• Expands the school breakfast mandate
  • Has nutritional standards which include all food served in the schools, especially meals and food served as part of the federal school meals program.

Below is the full text of the bill.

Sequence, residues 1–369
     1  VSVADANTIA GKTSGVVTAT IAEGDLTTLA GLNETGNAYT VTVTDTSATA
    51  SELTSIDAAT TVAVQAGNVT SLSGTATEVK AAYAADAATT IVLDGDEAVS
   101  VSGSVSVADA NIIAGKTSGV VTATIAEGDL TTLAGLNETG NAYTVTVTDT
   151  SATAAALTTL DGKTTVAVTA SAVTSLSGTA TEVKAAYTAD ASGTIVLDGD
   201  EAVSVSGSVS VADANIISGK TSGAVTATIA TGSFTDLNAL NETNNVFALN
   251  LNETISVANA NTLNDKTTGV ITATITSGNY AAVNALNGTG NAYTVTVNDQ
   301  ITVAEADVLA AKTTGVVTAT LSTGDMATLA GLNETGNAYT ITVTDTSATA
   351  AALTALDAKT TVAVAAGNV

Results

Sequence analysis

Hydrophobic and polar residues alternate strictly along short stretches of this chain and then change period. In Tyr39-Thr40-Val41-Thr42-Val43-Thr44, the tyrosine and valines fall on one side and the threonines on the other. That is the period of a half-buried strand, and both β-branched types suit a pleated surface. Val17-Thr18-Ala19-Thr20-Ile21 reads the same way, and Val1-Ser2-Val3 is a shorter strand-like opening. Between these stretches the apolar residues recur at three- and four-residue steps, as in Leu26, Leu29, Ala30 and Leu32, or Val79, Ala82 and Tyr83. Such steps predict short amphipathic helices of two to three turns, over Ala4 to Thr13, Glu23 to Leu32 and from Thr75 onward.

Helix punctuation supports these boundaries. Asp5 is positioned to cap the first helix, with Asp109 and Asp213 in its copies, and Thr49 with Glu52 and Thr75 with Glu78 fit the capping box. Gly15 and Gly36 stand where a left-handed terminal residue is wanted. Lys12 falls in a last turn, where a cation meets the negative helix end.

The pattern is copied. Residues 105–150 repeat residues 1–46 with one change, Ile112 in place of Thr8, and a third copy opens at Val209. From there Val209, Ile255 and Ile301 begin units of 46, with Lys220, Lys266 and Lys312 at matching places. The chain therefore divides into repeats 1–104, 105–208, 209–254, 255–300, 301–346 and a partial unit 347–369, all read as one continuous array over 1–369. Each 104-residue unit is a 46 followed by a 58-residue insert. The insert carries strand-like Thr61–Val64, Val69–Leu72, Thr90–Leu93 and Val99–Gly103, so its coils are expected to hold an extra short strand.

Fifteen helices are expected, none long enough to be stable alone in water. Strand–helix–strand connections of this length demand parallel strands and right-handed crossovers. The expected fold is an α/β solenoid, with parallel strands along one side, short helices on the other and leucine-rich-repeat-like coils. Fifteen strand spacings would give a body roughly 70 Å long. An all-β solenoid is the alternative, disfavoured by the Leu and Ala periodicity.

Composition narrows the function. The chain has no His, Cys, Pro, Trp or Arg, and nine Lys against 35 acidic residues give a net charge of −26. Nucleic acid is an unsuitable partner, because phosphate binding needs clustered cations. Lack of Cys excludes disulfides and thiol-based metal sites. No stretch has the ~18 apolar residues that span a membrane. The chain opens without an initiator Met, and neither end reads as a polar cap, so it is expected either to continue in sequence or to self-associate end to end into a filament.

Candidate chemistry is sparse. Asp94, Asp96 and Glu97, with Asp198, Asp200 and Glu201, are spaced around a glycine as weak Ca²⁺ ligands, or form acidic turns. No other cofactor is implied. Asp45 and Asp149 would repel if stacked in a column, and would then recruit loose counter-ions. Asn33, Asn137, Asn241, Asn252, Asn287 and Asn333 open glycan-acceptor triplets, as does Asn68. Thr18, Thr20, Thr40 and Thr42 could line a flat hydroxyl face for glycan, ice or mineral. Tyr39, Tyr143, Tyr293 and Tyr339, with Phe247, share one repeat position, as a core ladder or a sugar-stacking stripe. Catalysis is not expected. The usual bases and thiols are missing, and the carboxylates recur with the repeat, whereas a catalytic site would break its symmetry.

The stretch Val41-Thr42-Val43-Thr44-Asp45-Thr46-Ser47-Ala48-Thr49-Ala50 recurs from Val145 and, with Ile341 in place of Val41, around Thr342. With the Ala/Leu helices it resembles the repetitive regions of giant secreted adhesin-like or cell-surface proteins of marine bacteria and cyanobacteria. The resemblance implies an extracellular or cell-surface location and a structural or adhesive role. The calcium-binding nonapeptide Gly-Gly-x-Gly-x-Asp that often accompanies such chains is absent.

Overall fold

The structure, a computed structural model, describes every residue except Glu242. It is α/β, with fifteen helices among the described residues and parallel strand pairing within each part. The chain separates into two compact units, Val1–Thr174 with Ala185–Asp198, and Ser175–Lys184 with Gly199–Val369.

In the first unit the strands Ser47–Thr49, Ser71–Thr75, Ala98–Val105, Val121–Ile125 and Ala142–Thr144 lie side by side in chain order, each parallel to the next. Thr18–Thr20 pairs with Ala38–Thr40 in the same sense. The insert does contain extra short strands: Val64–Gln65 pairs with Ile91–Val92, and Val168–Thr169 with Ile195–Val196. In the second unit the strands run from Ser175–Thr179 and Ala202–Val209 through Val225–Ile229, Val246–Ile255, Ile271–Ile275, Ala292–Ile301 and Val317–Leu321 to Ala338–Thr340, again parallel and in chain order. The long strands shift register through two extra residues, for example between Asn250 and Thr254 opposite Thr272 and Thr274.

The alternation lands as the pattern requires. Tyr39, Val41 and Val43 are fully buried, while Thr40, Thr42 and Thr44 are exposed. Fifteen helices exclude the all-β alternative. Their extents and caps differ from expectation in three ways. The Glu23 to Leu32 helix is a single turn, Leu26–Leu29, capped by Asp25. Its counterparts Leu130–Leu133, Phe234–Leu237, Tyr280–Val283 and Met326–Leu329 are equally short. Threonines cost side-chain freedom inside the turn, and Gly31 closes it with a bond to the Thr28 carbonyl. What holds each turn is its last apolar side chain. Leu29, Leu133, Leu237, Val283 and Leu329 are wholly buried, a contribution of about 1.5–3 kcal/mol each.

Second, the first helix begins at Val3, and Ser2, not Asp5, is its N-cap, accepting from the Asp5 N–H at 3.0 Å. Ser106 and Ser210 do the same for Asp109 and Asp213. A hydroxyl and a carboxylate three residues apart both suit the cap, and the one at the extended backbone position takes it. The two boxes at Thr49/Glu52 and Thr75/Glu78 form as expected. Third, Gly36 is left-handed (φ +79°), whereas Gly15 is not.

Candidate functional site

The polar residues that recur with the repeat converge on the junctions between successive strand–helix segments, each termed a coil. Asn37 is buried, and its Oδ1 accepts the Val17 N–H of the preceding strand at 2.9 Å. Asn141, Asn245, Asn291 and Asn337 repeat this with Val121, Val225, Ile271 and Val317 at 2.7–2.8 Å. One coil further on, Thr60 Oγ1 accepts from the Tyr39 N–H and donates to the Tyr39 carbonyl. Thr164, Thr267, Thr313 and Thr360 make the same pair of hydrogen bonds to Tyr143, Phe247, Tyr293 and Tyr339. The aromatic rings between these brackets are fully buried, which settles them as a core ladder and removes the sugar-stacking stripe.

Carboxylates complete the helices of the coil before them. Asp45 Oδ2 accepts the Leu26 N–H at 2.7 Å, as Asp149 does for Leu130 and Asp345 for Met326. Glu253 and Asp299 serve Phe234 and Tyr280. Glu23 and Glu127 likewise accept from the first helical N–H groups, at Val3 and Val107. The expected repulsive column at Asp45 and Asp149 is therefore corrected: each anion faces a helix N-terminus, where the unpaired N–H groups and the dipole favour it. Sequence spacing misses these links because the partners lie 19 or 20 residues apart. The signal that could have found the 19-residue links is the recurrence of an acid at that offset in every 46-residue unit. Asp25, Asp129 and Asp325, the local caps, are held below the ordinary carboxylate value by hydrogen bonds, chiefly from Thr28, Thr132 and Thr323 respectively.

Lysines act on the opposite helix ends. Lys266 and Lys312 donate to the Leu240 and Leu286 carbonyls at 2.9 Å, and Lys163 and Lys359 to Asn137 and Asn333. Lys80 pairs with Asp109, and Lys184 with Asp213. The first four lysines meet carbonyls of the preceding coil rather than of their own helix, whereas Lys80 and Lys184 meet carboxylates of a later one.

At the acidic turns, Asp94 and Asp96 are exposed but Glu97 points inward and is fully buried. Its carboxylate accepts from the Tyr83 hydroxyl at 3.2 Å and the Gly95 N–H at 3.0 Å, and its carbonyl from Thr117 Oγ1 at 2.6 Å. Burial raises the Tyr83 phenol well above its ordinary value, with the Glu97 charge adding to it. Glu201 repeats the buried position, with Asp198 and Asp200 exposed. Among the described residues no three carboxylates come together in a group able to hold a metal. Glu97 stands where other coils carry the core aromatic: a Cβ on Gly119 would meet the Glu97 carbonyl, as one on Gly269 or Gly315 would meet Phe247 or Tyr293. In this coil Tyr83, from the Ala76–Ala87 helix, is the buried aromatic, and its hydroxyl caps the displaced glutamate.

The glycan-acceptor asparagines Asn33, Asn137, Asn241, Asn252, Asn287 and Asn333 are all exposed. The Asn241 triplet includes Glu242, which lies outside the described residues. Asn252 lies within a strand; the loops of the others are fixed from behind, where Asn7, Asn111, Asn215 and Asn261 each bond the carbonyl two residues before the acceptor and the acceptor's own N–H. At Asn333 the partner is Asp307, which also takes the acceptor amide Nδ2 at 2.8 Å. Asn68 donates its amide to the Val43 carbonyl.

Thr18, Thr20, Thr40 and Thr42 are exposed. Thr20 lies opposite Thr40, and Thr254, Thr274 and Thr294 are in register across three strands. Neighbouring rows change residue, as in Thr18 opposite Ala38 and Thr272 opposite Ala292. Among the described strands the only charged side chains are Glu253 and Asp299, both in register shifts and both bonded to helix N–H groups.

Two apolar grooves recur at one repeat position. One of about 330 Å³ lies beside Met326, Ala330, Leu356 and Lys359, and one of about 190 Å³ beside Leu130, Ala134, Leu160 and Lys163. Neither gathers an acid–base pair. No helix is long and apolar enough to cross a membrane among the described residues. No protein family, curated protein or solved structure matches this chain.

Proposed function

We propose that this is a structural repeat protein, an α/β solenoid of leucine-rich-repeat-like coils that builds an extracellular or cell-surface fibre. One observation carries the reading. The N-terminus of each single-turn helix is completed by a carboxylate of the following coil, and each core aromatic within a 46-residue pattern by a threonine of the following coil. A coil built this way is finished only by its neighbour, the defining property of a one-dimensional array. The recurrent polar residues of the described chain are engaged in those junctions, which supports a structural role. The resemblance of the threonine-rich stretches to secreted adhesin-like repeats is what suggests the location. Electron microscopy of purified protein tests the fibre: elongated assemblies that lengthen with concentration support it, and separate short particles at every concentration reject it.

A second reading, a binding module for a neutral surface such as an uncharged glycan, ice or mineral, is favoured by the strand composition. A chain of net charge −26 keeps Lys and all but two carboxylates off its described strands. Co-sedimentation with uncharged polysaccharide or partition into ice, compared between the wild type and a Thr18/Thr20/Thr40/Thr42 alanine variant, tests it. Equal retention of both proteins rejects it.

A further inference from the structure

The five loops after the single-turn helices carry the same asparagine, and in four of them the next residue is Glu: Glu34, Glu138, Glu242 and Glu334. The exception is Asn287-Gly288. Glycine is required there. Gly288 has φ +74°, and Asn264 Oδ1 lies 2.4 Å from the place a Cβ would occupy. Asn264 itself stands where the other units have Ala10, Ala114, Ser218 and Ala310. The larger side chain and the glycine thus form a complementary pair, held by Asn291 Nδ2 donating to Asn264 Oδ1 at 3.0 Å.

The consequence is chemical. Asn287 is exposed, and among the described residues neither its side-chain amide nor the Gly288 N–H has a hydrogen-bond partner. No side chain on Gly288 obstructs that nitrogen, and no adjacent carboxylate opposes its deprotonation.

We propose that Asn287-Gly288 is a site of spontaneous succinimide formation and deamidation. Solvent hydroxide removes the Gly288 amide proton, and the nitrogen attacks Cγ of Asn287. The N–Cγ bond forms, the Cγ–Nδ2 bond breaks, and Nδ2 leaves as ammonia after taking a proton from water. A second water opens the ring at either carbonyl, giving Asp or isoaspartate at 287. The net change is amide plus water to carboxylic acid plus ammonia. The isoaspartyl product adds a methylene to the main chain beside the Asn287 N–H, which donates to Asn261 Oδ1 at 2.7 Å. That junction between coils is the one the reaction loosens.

Would anyone be interested in scheduling a meeting with Oppenheimer to encourage her to strengthen the bill? If so please email me at: